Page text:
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February 11, 1983

Surgery promising in sclerosing cholangitis

JAMA. 1983;249(6):695. doi:10.1001/jama.1983.03330300011006

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Like many physicians who treat liver disease, surgeon John L. Cameron, MD, and internist Willis C. Maddrey, MD, have long been concerned with the lack of specific therapy for patients with sclerosing cholangitis. Multiple strictures and small fibrotic ducts characterize this chronic inflammatory disease and have complicated attempts to treat it by surgery.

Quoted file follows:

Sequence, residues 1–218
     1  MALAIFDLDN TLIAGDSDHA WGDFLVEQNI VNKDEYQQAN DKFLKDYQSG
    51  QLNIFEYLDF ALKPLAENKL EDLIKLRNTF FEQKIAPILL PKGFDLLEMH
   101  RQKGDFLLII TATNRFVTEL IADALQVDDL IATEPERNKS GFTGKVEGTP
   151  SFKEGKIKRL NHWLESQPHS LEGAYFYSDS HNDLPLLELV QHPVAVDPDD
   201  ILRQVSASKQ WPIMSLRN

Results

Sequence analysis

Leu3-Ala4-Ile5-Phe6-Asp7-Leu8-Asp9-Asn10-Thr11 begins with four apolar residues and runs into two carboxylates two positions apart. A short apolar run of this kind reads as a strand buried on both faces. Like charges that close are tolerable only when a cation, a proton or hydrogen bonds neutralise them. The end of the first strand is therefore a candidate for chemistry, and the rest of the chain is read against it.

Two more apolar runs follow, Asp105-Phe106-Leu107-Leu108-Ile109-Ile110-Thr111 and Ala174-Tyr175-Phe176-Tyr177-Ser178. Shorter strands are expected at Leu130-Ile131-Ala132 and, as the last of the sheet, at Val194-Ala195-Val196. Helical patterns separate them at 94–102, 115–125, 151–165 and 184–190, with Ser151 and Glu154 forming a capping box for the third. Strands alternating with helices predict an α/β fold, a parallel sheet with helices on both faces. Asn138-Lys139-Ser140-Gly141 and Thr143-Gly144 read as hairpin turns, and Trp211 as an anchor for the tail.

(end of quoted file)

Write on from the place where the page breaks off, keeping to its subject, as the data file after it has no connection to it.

Then, three years ago, while reviewing cholangiograms of patients who had come to Johns Hopkins University School of Medicine in Baltimore for treatment of the condition, the two investigators noted that often the most narrowed area was at the bifurcation of the hepatic duct.

They began to work on a surgical strategy, preliminary results of which were reported at the meeting of the American Association for the Study of Liver Diseases (of which Maddrey is president) in Chicago. The strategy involves resecting the hepatic duct bifurcation, gently stretching the left and right hepatic ducts with a metal